Linked by Thom Holwerda on Fri 10th Sep 2010 14:59 UTC
General Development Python programmers shouldn't get too smug. While many people agree that Python is designed in a way that makes it a highly readable language, there can still be problems with legacy, untested Python code too. Porting legacy Perl to Python can be a daunting task. In this article, learn some of the theory behind dealing with legacy code, including what not to do.
Thread beginning with comment 440684
To view parent comment, click here.
To read all comments associated with this story, please click here.
Member since:

I've used the phrase "well, mainstream", so you don't have to understand it literally. What I meant is that syntax looks more like some other popular languages, like Java, JavaScript or C#.

That's a funny thing to say, given that Perl has a loosely C-style syntax like Java, Javascript, and C# - it uses braces, and semicolons, favours symbols over keywords, etc.

Whereas Python has a completely different syntax - indenting rather than braces, keywords rather than symbols, etc. I love Python, but I'd certainly never say it's syntax looks like any of the languages you describe...

Reply Parent Score: 2

trenchsol Member since:

Ok, maybe not syntax, but approach, logic. Java, Javascript or C# person will learn Python much faster than Perl.

Python syntax for objects and classes is more common with Java and C# or even PHP. Perl looks strange to Java and C# crowd. Python not so much, after you get used to mandatory indentation.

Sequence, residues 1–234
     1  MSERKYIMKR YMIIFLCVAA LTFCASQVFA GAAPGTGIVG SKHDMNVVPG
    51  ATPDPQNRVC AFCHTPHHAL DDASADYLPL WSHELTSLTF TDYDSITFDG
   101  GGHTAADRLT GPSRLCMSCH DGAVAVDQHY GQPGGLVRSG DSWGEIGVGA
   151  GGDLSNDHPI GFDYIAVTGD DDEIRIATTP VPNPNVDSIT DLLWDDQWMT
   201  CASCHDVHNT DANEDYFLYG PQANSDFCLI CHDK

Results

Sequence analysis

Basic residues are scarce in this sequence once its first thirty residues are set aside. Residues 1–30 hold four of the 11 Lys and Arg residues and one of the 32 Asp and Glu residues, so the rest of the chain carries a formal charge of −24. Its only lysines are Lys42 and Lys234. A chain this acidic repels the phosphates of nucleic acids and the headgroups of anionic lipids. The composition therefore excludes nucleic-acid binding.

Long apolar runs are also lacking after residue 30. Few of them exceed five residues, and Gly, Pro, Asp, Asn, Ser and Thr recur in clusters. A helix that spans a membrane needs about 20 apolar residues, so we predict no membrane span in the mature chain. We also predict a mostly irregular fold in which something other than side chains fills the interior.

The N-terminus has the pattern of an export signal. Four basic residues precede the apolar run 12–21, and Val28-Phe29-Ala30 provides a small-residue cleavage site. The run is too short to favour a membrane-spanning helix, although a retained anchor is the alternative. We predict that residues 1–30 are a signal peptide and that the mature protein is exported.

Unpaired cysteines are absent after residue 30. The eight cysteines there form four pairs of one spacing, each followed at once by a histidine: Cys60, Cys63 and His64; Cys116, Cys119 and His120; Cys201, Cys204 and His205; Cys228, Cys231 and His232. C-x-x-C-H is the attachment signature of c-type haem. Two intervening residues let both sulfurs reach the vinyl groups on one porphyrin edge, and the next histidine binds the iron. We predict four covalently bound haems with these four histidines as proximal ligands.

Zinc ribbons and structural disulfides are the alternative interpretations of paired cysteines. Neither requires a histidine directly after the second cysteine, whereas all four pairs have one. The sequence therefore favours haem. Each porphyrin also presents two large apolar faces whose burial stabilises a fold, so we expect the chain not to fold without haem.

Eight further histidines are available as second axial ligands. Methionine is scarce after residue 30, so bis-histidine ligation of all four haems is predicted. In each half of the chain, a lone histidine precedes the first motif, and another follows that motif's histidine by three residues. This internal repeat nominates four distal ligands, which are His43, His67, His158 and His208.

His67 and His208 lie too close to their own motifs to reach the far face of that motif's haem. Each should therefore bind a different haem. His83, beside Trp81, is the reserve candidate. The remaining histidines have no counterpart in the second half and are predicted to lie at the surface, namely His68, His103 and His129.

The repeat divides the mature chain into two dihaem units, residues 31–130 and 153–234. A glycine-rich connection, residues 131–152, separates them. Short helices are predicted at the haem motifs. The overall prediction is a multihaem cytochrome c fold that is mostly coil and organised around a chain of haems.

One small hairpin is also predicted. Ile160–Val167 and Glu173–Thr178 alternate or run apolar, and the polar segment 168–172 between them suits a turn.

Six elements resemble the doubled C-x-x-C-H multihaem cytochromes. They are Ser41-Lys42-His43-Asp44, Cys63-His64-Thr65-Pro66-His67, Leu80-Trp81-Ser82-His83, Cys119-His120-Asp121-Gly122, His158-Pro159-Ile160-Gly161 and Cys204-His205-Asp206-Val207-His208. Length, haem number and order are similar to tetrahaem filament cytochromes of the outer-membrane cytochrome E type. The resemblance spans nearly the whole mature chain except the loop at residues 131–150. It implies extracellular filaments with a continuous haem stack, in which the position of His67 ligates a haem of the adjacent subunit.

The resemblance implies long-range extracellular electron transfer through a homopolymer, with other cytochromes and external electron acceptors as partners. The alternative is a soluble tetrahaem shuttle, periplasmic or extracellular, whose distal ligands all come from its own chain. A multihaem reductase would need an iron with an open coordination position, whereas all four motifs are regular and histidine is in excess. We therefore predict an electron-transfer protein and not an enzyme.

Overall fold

Reply Parent Score: 2

sorpigal Member since:

So in the end your argument comes down to "Perl OO is weird and different" -- well no kidding, every Perl programmer in the world has concluded that. It's why we have Moose and why that was one of the first things to be fixed in Perl 6. Perl OO sucks! Is there anything *else* that's fundamentally wrong with Perl?

Before you say "Readability" I will say "It's true," but only to a point. Perl is much more permissive and lets you get yourself in to readability trouble more easily than many other languages, but with a little discipline readable code is not hard to write. Any decent perl monger will do it as a matter of course.

Now *Python*, there's a readability nightmare! I've been programming for a decade and tried to muddle my way through a moderately complex Python program the other week to make one, small change (add an additional menu option which calls existing code, just for faster access). It took me four *hours* to get it working! For a one line change. And I *still* don't understand what all of the magic going on was.

You *can* write readable python code, but I've seen more than a few programs that are terse and mystifying, relying on implicit behavior, and so on. Weird syntax doesn't help, either.

For the record I know many languages from many families, just not Python.

Reply Parent Score: 2